In Good Company

IT is a rocky place to be these days.

Facing security challenges? Staff shortages? Worried about replacing retiring mainframe programmers and analysts? Managing IT details through a merger? Integrating myriad systems and data? Facing a top management mandate of Windows throughout the company?

You're not the only one. When we asked readers in our annual survey for this issue to name the top challenge your IT organization faces in the next 12 months, those were some of the responses we heard over and over.

Your detailed responses reveal just what a tough job IT managers face on many fronts these days. I called a few readers to follow up on their comments.

Cost control is a big issue everywhere, and many of you named it as your single largest challenge. Budget constraints bring their own range of problems, from staff shortages (a common theme) to poorly planned and executed projects.

Security (readers' No. 1 concern) often takes the first hit when companies rein in spending, pointed out a software developer in Southern California. Programmers with software expertise on Web projects are expensive, he said—those with database experience as well as knowledge of security practices can run $80,000 to $120,000. When a former employer wasn't willing to spend enough to make a financial transaction Web site truly secure, the developer left the firm—exiting before the true cost of the implementation came home to roost.

Mergers and acquisitions were another top problem cited by readers. Problems loom after "integration of another company's systems into our datacenter due to a merger," one reader said. "M and A activity," another reader suggested without hesitation. Some mentioned the HP-Compaq merger as a specific worry—"loss of support for Compaq systems" made one reader anxious. HP and Compaq "will take years to integrate," predicted another, "and what products survive will be anyone's guess."

A reader in the Pacific Northwest faces a huge challenge since his large company's hostile takeover by an even bigger firm. Suddenly, Unix production boxes with 24x7 uptime are under the gun for an upgrade to Windows 2000. ("Microsoft" alone was cited numerous times as an IT manager's biggest headache.) This beleaguered systems administrator anticipates huge problems with a mandated one-size-fits-all operating system move. "I don't think it's going to work, but we're the smaller company," he noted. Numerous readers named moves to less-stable operating systems as a huge challenge; one said he's looking at "further attempts to replace time-tested mainframe systems with unreliable wanna-bes."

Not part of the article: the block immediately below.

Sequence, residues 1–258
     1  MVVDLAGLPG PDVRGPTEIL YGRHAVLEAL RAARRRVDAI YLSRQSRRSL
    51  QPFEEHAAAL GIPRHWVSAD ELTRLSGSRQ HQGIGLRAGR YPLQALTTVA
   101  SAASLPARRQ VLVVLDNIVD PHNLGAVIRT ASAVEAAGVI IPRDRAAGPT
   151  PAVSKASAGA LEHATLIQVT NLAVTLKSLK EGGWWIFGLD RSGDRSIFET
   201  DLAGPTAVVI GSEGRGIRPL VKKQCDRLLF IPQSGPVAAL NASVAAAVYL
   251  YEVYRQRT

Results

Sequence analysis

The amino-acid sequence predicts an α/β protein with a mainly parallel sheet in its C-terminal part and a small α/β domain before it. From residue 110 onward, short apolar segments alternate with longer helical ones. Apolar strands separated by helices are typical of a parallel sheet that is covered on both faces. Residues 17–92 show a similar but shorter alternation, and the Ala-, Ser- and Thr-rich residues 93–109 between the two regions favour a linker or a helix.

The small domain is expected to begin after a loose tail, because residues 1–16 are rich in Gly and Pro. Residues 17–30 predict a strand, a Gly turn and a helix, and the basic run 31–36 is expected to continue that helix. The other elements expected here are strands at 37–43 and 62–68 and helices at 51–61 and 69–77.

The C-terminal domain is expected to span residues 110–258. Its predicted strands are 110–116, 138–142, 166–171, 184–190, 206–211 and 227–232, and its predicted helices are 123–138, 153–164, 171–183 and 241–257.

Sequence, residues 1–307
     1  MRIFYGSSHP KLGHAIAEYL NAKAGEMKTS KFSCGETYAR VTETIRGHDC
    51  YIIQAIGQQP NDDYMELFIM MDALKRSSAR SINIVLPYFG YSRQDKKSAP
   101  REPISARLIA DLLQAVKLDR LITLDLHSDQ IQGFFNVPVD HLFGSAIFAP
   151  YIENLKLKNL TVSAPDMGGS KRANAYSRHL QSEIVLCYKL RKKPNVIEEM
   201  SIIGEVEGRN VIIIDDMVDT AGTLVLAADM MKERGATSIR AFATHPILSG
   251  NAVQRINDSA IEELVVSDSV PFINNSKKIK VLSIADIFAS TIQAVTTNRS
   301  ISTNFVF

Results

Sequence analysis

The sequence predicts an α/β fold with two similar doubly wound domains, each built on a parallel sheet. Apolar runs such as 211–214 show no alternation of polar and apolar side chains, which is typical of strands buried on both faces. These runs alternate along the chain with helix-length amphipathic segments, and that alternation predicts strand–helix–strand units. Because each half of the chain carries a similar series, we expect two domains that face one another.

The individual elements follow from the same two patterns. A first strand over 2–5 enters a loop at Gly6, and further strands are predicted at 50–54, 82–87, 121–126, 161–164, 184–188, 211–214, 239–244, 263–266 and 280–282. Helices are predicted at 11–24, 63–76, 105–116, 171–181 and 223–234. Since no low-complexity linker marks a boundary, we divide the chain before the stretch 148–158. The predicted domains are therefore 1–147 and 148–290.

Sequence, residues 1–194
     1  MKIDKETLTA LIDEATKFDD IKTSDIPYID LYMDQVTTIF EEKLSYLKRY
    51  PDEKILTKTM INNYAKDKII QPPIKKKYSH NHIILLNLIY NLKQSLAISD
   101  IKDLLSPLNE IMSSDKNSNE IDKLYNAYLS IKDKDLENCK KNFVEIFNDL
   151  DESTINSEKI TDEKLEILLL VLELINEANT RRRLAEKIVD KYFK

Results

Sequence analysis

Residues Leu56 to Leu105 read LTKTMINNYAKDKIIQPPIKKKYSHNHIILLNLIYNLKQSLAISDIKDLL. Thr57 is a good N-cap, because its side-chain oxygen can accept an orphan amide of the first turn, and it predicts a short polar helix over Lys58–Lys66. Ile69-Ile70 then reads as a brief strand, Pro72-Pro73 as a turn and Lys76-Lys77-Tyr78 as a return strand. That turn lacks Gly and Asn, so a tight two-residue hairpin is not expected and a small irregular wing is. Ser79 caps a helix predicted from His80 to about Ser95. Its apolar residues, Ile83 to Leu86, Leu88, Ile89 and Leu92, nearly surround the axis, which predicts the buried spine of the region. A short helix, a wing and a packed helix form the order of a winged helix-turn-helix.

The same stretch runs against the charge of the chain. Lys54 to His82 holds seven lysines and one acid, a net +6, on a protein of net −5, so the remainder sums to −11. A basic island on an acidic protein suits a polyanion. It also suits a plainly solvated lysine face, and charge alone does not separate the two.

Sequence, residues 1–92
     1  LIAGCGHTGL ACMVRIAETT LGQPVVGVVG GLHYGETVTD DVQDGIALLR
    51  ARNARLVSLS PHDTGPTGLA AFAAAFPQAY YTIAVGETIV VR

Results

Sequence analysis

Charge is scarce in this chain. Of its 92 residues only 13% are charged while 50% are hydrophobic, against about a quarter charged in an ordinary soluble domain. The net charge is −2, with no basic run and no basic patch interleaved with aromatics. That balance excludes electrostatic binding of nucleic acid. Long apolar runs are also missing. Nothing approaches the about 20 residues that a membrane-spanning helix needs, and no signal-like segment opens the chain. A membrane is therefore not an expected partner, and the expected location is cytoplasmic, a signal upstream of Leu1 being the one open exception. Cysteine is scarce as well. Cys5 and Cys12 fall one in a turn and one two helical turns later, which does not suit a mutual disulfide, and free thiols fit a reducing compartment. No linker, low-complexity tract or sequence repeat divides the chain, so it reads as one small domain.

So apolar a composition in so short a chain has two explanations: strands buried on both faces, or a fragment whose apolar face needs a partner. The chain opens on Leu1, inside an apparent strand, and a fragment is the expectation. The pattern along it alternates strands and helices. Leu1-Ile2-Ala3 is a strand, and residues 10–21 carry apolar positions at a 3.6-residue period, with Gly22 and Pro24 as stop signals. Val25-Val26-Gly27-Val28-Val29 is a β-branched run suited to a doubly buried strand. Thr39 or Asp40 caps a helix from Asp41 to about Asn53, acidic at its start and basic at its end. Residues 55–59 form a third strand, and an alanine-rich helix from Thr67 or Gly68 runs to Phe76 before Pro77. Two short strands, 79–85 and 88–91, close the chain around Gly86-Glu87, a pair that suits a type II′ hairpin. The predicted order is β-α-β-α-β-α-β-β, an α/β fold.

IT is a rocky place to be these days. We'll continue to write about the issues that you've listed as your top concerns. Thanks to everyone who took time to share their thoughts and opinions—it will help us shape upcoming coverage. Finally, congratulations to reader Pat Townsend, who won the survey drawing and received a Canon digital camera for her efforts. If you didn't participate in the survey, send me an e-mail on the top challenge you face. I'm at

About the Author

Linda Briggs is the founding editor of MCP Magazine and the former senior editorial director of 101communications. In between world travels, she's a freelance technology writer based in San Diego, Calif.